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Networks Wary of Lofty 3D Production Costs

NEW YORK -- Programmers will have little incentive to produce sporting events and other content in 3D until the production costs are slashed, executives said here Wednesday.

A DirecTV Group Inc. (NYSE: DTV) executive told attendees at a PK World Media conference that the satellite provider finds it challenging to license enough 3D content to program its new 3D channels, while officials from ESPN and CBS Corp. (NYSE: CBS) said the industry must work to produce live sporting events simultaneously in both 2D and 3D, rather than shelling out money on separate productions. (See DirecTV Won't Give Cable Access to 3D Nets and Cable-Tec Expo: Lack of Standards Hinders 3DTV.)

"There is no way that my boss or company will allow us to get into the technology unless it's paid for," CBS Sports EVP of operations and technology Ken Aagaard said. CBS produced the Final Four games from the NCAA Men’s Basketball Tournament and the US Open Tennis Championship in 3D through a sponsorship with Panasonic Corp. (NYSE: PC).

Aagaard said CBS will continue to produce 3D sporting events on a "one-off" basis when it has support from a sponsor, or strikes deals to share production costs with other broadcasters and distributors.

ESPN VP of emerging technology Andrew Bailey said the sports network, which flipped the switch on ESPN 3D in July, is working with Sony Corp. (NYSE: SNE) and technology vendors to help keep production costs in check. ESPN deploys separate production trucks, cameras, and crews to produce college football and other events in 3D, he said. (See ESPN Jumps Into the 3DTV Game .)

"We have to work now at getting the costs down. We have to work at putting one mobile unit up to do the event, instead of the caravan we pull up now," Bailey added.

DirecTV VP of entertainment Patricia Ishimoto boasted that the top DBS provider is the first distributor to launch a dedicated 3D channel, but said that DirecTV has had difficulty finding enough 3D content to fill them. DirecTV is working with programmers ranging from A&E Television Networks to foreign pay-TV distributors such as Sky in the United Kingdom and Spain’s Sogecable SA to acquire 3D programming, she added.

"The challenges range from the dearth of existing content that is out there," Ishimoto added.

Also worth noting from Wednesday’s 3D panel:

  • Comcast Corp. (Nasdaq: CMCSA, CMCSK) SVP of video product development Mark Hess said he would like to deliver 3D Broadway musicals and concerts to subscribers. "We tried to do Broadway shows once on cable TV. I think Broadway shows would work," he said. (See CTAM Summit: 3DTV Is Poised to Pop.)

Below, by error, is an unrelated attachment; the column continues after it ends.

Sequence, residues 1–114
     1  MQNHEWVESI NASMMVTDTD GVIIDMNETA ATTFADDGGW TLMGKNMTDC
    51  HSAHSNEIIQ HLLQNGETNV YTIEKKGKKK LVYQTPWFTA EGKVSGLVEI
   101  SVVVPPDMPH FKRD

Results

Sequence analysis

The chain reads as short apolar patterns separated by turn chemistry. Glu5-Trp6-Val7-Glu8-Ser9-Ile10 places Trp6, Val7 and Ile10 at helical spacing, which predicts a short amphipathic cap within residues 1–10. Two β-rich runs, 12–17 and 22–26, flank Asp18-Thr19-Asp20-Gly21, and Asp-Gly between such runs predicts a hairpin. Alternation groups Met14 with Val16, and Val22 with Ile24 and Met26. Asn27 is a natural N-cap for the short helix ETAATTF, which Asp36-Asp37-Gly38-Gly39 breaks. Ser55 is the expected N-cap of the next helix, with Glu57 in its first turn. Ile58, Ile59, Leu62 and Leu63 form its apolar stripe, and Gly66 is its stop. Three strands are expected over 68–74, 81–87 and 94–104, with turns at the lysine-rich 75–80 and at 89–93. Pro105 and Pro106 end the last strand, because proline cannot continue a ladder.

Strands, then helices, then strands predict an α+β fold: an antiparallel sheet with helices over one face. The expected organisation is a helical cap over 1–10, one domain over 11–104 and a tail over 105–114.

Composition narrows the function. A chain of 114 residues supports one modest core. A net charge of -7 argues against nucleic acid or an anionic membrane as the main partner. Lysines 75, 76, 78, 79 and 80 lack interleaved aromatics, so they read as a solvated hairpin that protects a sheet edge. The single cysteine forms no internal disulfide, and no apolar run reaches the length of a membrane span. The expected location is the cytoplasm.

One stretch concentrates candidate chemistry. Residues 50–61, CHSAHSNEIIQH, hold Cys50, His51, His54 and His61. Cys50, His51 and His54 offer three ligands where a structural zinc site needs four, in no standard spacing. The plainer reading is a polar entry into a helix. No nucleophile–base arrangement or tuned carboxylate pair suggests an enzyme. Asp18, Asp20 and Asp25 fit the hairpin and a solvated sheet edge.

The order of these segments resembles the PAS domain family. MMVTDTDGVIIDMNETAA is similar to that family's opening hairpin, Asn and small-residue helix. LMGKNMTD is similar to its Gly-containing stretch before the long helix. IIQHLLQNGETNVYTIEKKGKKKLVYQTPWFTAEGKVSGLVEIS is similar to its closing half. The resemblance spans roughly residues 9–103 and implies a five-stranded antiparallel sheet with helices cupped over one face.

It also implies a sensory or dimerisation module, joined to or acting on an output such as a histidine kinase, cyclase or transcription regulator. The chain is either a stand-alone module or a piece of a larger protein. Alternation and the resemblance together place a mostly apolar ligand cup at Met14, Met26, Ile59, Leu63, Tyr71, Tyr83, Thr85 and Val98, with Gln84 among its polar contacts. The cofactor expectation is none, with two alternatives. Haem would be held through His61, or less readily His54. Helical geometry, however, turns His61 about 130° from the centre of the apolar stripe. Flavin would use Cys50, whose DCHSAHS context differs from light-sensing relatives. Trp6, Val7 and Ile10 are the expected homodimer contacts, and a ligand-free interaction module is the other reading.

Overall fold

• Aagaard said he is a big proponent of passive 3D glasses, preferring those lenses to active shutter glasses, which can cost more than $100 each. "My eight-year-old daughter is not going to wreck these $100 glasses. When she brings 10 friends over, I want to be able to hand out paper glasses."

  • National Basketball Association EVP of operations and technology Steve Helmuth said ESPN and other sports networks can place robotic 3D cameras in new courtside positions without taking seats away from ticket holders. "We’re going to fit into Madison Square Garden without a single seat killed," he added.

  • Veteran industry analyst and investor Paul Kagan, who moderated the panel, said he is confident that all sports programming will eventually be produced in 3D. "This isn't an experimental thing at all for me. It's only a matter of time before it becomes standard operating procedure"

  • Discovery Communications Inc. (Nasdaq: DISCA, DISCB, DISCK) EVP of media Glenn Oakley gave a few examples of programming for the 3D network that Discovery, IMAX, and Sony plan to launch in 2011, including Discovery series Africa, Sony movie Cloudy with a Chance of Meatballs, and IMAX titles such as Magnificent Desolation: Walking on the Moon, which is narrated by Tom Hanks. Discovery, Sony, and IMAX still haven't settled on a brand for the 3D network. (See Discovery Prez: New 3D Net Will Need 6MHz .)

    — Steve Donohue, Special to Light Reading Cable

  • shygye75 12/5/2012 | 4:20:01 PM
    re: Networks Wary of Lofty 3D Production Costs

    There's always a catch, isn't there. Until production technologies hit the right cost point, DirecTV can fill out its lineup by running Avatar in an endless loop -- also known as the YLS (Yule Log Strategy).

    Jeff Baumgartner 12/5/2012 | 4:20:00 PM
    re: Networks Wary of Lofty 3D Production Costs

    Reminds me a bit of the early days of HDTV. I seem to recall similar complaints from programmers that were hesitant to jump into the fray right away. But, once again, Discovery and ESPN are trying to take first-mover advantage with the hope that a market for this contnet will develop. JB

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